I’m excited to announce that Jason Sailer has joined the Forgotten Alberta gang as a guest contributor!
Possessing deep roots in the rural south, and much love for Alberta’s heritage, Jason is a great addition to the Forgotten Alberta (FAB) team .
His love of Alberta history is home grown. Raised on a family farm on the northern slopes of the Cypress Hills, Jason possesses a lifelong appreciation for the history and the struggles of the pioneers, many of who were his own relatives, and their quest to settle on the raw prairie at the turn of the century.
Continue reading Welcoming Jason Sailer to the FAB Team
A quick note for any and all who are interested: I will be speaking about topics related to history in the Brooks area on October 5 at the Brooks Public Library.
I will also be airing my latest project, Above and Beyond, a short documentary about Bassano’s flying doctor, Alexander G. Scott, for all in attendance.
Many thanks to the Alberta Genealogical Society, Brooks and District Branch, for asking me to stop by and to ramble a bit about my old stomping grounds.
“Here on these prairie plains I stay,
Wanting nevermore to stray,
The winter days will come once more,
And north winds whistle ’round the door.
For always in my heart I sing
The song of a wondrous prairie spring,
And the melody to me so dear,
Is only this – My home is here.”
– An excerpt from “My Home Is Here.” by Lydia Montallan of Carseland.
Originally published in the June 1947 issue of Canadian Cattleman, “My Home Is Here” appears alongside an article about Otelie Lund in “The Piegan Country”, a 1966 history of the Maleb area of S.E. Alberta. Natives of Norway, Ms. Lund (b. 1880) and her husband, Lars, settled in what was known as the Glen Banner district in 1909. The Lunds built a two-storey home in 1917, a local landmark which still stands to this day on a hilltop five miles north of present-day Orion (pictured).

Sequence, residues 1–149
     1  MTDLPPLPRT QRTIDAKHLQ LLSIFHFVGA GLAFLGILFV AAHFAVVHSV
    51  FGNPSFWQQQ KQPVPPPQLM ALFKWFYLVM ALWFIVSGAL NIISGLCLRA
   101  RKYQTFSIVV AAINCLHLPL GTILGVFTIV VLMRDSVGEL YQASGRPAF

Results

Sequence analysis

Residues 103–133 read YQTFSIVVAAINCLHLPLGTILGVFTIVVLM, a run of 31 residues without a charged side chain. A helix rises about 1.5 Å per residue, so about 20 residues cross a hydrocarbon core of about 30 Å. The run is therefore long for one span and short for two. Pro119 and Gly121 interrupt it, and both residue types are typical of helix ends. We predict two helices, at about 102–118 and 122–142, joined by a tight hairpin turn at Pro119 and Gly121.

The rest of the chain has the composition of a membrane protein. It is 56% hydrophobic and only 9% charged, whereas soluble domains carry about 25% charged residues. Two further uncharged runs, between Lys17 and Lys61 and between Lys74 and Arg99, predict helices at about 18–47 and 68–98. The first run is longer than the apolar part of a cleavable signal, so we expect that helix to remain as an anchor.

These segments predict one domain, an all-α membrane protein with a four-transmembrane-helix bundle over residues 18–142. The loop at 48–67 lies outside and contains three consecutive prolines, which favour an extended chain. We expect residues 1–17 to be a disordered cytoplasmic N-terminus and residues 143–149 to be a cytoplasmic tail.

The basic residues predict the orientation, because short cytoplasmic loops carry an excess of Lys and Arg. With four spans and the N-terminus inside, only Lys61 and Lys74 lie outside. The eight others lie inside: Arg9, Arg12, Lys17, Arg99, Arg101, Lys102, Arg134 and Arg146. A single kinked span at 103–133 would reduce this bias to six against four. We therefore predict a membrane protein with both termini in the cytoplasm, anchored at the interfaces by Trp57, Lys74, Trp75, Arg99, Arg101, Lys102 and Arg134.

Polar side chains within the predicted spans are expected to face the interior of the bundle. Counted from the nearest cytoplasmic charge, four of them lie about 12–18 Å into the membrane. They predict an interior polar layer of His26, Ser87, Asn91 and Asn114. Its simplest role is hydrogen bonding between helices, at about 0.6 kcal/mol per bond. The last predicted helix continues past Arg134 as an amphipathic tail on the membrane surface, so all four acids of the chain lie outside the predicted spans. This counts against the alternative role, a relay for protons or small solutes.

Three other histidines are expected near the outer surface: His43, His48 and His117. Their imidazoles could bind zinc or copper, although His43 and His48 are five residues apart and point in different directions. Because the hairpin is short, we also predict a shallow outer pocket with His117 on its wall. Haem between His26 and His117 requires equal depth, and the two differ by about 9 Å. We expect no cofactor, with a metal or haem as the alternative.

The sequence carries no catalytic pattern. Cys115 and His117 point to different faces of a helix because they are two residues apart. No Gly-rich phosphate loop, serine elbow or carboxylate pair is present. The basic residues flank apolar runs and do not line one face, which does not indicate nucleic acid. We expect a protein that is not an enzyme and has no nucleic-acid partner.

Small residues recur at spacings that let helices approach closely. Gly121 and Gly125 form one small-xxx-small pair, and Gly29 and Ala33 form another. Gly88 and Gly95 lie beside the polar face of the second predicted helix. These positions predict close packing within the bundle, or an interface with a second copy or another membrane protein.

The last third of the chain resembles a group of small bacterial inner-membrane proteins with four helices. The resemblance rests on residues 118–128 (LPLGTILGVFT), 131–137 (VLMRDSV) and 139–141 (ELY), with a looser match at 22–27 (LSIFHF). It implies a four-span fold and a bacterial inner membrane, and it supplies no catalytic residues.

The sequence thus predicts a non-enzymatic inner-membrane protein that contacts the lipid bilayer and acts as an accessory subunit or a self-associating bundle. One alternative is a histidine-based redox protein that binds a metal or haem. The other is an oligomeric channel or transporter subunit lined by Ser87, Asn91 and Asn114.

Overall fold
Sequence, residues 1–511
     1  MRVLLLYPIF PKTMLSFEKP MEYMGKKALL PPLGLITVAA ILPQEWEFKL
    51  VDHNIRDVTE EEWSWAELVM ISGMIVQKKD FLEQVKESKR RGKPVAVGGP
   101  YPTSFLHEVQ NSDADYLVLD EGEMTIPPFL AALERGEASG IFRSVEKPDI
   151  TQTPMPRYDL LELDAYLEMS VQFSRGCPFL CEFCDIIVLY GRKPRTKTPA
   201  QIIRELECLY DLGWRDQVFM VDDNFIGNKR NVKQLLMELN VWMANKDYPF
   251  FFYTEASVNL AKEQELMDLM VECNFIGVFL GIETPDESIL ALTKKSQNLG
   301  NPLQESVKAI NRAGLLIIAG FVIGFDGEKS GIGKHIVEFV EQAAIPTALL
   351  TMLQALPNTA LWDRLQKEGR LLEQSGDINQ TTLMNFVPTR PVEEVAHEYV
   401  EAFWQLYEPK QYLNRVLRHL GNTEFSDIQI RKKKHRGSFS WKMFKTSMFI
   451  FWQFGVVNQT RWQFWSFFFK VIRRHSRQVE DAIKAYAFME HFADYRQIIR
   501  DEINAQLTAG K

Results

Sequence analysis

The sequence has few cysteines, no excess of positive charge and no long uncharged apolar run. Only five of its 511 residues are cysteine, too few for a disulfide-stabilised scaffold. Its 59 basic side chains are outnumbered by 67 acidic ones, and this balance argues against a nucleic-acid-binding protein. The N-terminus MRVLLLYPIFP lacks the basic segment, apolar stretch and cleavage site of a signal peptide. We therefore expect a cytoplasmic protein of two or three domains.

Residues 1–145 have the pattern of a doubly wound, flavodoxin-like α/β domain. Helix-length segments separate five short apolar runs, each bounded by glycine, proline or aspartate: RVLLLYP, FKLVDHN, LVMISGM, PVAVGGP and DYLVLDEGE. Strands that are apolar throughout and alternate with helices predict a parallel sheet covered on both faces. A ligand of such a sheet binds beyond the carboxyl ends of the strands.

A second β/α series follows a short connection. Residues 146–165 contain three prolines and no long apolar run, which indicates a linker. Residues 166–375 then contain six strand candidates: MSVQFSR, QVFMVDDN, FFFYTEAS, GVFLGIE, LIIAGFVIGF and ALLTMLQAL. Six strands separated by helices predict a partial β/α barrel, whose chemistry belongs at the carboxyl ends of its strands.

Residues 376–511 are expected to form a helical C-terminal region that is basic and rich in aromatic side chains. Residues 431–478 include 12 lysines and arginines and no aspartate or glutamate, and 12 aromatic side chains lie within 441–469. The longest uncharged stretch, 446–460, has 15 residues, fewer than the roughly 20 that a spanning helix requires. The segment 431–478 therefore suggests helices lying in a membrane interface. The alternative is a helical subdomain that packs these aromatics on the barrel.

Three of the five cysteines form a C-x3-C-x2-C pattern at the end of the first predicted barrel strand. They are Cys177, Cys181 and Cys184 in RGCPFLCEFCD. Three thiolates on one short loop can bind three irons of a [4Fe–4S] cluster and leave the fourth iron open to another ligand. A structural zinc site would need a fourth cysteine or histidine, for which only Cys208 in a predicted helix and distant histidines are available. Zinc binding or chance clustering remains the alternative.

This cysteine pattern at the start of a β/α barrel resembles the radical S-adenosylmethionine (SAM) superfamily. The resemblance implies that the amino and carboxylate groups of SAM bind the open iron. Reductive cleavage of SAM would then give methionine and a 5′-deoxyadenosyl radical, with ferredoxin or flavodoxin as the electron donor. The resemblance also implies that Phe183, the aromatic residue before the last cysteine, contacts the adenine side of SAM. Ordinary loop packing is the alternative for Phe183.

The hardships were many for Ms. Lund. Widowed when she was 70, fifteen years later she was still feeding cattle, chopping wood, hauling coal, and living without electricity. A 1965 article in the Medicine Hat News celebrated her as a “living example of true pioneer spirit and courage”:
“Mrs. Lund, who did not have a family to raise, has not seen a relative since coming to this country in 1909. She had left behind in Norway a large family of sisters and brothers when she came with her new husband on the new venture. Perhaps all her dreams weren’t realized, but building a new life in a new country has brought many satisfactions to Mrs. Lund as she now looks back on it all and treasures each precious memory of old times, old days, old friends.”
Ms. Lund passed away ten years later at the age of 95.
Since it’s early days, the community of Nemiskam has been spelled with both a “c” and a “k”, and both are considered correct, I guess. It would have saved us all a lot of trouble if they had stuck with the community’s original name: Bingen.
According to J. Derek McNaney in the 1975 local history, Shortgrass County, a group of German Russians escaping religious and political persecution settled just south of the present townsite, beginning in about 1911. Place Names reports the surrounding community was christened “Bingen” after a town in Germany, and by 1913 a post office of the same name had been established. Then in a patriotic (and somewhat ironic) twist, the growing community dispatched its Germanic namesake in 1916, adopting the less-threatening Nemiskam- a First Nations word meaning “between two valleys”.
Or was it Nemiscam?
A war of wording ensued, and the question of Nemiskam v. Nemiscam has remained unsettled for over a century, and it seems unlikely that a resolution is coming anytime soon. For one thing, all three levels of government would have to agree on a common spelling. The province and the federal government are on one side, generally spelling Nemiskam with a “K”. On the other hand, Nemiskam is located within the County of Forty Mile No. 8, and the local municipality routinely spells Nemiskam with a “c” on county maps, online and on signage around the county. Adding to the uncertainty is the C.P.R., who allegedly caused all of this confusion in the first place. A spin through Alberta Land Titles confirms that the original C.P.R. townsite survey plans spell Nemiskam with a “c”. However signage formerly located alongside the uprooted tracks of the abandoned C.P.R. Line heralded ones arrival in “Nemiskam”, not “Nemiscam”.
While we can remain hopeful that the Prime Minister, the Premier, and the Reeve of 40 Mile will put all pressing business aside to come to an agreement on the contentious issue, we may be waiting some time before the Nemiscam / Nemiskam Accord becomes a reality. In the meantime, whether you choose to spell it Nemiscam or Nemiskam, one thing remains certain: They should have stuck with Bingen.